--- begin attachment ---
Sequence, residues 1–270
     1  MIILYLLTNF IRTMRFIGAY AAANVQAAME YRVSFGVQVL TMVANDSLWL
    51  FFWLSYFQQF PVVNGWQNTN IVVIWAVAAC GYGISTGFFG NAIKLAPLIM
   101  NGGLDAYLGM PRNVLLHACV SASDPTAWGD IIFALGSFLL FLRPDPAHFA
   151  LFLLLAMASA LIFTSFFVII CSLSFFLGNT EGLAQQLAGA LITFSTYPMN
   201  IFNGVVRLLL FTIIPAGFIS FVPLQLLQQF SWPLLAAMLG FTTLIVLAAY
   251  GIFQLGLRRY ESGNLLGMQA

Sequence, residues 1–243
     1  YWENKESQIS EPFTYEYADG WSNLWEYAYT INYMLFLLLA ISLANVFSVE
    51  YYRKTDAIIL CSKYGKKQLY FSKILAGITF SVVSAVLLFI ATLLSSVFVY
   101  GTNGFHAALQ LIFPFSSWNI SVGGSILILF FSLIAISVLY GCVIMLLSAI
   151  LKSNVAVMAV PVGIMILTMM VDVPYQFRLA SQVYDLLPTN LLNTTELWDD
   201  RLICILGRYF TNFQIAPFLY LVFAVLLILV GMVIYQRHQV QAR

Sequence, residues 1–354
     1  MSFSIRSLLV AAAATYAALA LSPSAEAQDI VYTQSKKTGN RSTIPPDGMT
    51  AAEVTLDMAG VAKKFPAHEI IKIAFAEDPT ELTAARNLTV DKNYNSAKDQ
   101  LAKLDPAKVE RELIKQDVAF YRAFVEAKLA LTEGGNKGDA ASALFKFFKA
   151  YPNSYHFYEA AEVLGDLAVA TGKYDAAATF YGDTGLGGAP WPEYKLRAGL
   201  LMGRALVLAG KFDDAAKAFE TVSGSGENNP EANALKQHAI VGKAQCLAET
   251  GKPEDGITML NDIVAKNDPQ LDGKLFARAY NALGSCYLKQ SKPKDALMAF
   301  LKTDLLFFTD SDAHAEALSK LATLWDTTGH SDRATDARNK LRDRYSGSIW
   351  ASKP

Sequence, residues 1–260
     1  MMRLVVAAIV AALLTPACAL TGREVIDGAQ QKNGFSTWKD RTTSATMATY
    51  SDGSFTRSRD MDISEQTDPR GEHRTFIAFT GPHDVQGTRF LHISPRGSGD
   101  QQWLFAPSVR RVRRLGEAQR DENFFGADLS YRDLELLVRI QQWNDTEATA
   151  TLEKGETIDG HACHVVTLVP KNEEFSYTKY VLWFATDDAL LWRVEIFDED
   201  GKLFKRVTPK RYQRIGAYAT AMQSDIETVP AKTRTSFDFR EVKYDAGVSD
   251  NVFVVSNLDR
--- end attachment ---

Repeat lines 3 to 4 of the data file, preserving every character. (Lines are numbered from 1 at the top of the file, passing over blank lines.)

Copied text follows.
    51  FFWLSYFQQF PVVNGWQNTN IVVIWAVAAC GYGISTGFFG NAIKLAPLIM
   101  NGGLDAYLGM PRNVLLHACV SASDPTAWGD IIFALGSFLL FLRPDPAHFA